Abnormal programming will resume shortly.
Product placement is to be allowed on British TV shows, in a move due to be announced next week.
Independent broadcasters will be allowed to take payments for displaying commercial products during shows.
Culture Secretary Ben Bradshaw is expected to announce a three-month consultation on the changes in a speech to the Royal Television Society next week.
Call me a cynic, but the scope for advertising on commercial TV is already a very simple matter. Should you wish to advertise on TV, you pay for the advert and run it. In fact, it would seem that it has never been easier and/or, if the laws of supply and demand still function, more inexpensive in real terms.
It is believed that ministers want to help struggling broadcasters such as ITV, which have been hit hard by the recession.
Not hard to see why. When a business is struggling, advertising budgets are cut, leading to a shortfall in demand on advertising space. TV companies can only respond by lowering charges to attract interest or their ad breaks will be lightly populated. Either way they lose revenue.
The change is intended to bring in extra funds for commercial broadcasters. Experts believe it could raise up to £100m a year.
If conventional advertising is struggling, how is product placement going to help? What can it offer which isn't readily, and relatively cheaply, available already?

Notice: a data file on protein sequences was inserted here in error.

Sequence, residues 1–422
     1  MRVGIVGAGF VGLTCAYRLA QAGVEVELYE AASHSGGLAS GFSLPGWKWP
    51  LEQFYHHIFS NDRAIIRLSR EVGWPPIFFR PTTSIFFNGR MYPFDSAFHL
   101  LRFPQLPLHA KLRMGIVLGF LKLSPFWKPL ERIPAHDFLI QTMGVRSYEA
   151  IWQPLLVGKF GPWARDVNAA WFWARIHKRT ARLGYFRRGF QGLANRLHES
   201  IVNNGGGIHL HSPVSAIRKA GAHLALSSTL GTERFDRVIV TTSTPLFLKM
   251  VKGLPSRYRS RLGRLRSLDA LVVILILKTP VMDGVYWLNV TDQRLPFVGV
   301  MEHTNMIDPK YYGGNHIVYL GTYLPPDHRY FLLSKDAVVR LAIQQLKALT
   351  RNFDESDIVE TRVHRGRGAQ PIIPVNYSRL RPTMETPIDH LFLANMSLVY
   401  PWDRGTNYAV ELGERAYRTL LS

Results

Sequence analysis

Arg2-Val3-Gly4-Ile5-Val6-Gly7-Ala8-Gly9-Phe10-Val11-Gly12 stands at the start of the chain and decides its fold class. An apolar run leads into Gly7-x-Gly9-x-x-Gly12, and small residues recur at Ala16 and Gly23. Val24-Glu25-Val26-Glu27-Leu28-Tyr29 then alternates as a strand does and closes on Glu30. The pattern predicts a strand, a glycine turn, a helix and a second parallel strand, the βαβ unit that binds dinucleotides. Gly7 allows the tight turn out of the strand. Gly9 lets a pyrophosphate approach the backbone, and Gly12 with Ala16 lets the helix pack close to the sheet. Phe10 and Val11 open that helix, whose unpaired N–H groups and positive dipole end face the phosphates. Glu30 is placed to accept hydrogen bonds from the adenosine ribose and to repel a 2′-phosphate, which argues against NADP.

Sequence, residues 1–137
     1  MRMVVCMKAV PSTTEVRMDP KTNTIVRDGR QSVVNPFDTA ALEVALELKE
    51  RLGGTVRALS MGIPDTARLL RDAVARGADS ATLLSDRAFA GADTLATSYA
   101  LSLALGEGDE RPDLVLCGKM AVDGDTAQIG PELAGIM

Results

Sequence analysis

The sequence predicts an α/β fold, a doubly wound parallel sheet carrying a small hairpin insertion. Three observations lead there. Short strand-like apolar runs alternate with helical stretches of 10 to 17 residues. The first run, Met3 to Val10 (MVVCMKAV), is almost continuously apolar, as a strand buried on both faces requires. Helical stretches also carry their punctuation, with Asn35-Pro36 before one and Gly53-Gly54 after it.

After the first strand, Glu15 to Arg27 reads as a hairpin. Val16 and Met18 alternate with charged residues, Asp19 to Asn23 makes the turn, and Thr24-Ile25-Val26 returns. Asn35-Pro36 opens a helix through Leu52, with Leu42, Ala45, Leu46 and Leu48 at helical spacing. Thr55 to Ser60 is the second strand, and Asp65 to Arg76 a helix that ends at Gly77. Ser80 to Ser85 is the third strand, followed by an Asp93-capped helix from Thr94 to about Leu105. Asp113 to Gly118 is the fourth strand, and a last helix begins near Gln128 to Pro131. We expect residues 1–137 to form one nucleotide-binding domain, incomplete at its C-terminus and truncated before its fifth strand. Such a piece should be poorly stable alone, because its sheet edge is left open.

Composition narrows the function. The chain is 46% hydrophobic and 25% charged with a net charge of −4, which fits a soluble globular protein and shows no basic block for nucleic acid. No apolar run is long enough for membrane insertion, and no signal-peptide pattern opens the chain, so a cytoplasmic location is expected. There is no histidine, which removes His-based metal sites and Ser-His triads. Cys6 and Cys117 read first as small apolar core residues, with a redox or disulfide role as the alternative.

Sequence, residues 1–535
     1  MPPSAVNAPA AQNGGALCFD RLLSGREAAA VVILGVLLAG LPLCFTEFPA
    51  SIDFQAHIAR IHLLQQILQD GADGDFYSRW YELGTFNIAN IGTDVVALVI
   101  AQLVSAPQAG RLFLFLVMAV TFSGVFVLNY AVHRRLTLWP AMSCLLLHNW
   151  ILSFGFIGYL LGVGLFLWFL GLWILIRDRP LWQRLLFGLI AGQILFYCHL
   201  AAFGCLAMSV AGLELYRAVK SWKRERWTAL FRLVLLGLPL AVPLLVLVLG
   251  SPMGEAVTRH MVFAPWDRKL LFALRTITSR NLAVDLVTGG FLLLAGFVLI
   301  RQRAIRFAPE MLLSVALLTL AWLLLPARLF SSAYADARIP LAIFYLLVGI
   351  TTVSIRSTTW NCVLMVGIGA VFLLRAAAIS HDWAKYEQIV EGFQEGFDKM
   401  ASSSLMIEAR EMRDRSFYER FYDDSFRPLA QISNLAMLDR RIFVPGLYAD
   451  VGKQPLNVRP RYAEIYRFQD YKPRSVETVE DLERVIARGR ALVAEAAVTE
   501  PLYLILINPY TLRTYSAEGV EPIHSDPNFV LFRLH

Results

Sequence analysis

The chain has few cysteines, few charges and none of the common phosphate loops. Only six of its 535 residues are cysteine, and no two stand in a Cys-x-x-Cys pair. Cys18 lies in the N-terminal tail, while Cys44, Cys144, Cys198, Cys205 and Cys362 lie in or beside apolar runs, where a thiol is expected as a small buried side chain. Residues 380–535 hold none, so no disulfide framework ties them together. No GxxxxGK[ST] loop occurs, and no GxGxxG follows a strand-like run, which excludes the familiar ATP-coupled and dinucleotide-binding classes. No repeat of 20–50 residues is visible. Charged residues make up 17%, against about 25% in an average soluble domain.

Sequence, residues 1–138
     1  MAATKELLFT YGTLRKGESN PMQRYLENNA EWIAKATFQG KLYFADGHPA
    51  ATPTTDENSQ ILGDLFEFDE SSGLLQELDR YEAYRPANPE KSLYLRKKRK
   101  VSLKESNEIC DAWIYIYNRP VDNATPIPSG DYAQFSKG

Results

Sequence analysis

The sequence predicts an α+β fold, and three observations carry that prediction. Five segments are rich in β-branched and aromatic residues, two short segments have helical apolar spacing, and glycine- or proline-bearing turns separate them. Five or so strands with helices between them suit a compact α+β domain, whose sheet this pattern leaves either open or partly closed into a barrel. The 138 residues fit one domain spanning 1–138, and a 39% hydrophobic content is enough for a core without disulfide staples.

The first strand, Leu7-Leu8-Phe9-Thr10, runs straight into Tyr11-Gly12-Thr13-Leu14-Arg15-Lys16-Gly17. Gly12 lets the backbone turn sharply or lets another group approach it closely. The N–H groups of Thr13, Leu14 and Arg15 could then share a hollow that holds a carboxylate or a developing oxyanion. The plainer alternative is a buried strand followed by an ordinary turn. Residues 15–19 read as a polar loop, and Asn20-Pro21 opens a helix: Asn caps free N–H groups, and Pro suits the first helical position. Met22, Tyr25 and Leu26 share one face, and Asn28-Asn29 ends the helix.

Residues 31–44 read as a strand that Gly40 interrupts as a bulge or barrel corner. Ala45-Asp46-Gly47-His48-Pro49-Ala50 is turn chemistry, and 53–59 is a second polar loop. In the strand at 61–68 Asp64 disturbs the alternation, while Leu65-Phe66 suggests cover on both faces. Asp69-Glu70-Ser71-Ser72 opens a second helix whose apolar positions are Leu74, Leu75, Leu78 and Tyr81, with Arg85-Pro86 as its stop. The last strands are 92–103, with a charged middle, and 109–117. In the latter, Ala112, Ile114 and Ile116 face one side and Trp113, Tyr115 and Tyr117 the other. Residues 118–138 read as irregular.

No doubt the TV companies are hoping that the scope for placing their message within the programme itself, rather than during breaks which can be ignored or whizzed through with gadgets like Sky+, is something that advert placers would find very attractive. Imagine it. Instead of avoiding that product, ad, or message that you really can't stand, you'd have to watch it or miss part of your fave telly show.
So what bearing could this have on our future programming? What messages would we be likely to see?
To give us a clue let's, just by way of example, take the case of the country's biggest advertiser.
Government becomes UK's biggest advertiser
LONDON - The Central Office of Information (COI) has become the UK's biggest advertiser, spending £211m for its financial year 2008/09, an increase of 35%.
Over the same period Procter & Gamble spent £176.2m, according to The Nielsen Company. The COI, which serves government departments and public sector bodies, also revealed it has spent £540m on marketing and communications, up 43% on the previous year. Spend on digital marketing also rose 84% to £40m.
So, expect Rovers Return bar staff to dole out recommended daily alcohol unit limits along with the banter when Kevin and Sally pop in for a pint and a hotpot; The Sugdens waxing lyrical about wind turbines on the Yorkshire dales; PC Stamp declaring that he is ditching bacon sarnies in favour of a healthy, fat and salt-free aubergine soup; and Nicorette gum-laden smoking cessation officers being welcomed as heroic spiritual savours by the cast of Shameless.
Don't worry, you won't even notice it.